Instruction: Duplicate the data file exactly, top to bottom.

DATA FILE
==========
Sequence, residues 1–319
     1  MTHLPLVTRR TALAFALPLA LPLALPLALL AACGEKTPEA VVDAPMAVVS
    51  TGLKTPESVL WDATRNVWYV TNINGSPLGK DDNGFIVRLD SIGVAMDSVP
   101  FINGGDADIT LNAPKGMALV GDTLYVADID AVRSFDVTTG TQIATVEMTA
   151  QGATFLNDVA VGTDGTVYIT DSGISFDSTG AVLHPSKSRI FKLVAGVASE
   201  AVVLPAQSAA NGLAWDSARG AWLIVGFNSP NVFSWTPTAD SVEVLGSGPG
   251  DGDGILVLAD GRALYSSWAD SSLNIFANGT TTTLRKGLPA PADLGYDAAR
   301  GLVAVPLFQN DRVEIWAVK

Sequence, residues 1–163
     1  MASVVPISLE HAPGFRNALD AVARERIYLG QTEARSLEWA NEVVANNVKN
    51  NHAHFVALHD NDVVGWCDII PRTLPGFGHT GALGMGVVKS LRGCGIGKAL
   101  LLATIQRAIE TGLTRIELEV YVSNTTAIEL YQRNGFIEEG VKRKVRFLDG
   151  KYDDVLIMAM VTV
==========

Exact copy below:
Sequence, residues 1–319
     1  MTHLPLVTRR TALAFALPLA LPLALPLALL AACGEKTPEA VVDAPMAVVS
    51  TGLKTPESVL WDATRNVWYV TNINGSPLGK DDNGFIVRLD SIGVAMDSVP
   101  FINGGDADIT LNAPKGMALV GDTLYVADID AVRSFDVTTG TQIATVEMTA
   151  QGATFLNDVA VGTDGTVYIT DSGISFDSTG AVLHPSKSRI FKLVAGVASE
   201  AVVLPAQSAA NGLAWDSARG AWLIVGFNSP NVFSWTPTAD SVEVLGSGPG
   251  DGDGILVLAD GRALYSSWAD SSLNIFANGT TTTLRKGLPA PADLGYDAAR
   301  GLVAVPLFQN DRVEIWAVK

Sequence, residues 1–163
     1  MASVVPISLE HAPGFRNALD AVARERIYLG QTEARSLEWA NEVVANNVKN
    51  NHAHFVALHD NDVVGWCDII PRTLPGFGHT GALGMGVVKS LRGCGIGKAL
   101  LLATIQRAIE TGLTRIELEV YVSNTTAIEL YQRNGFIEEG VKRKVRFLDG
   151  KYDDVLIMAM VTV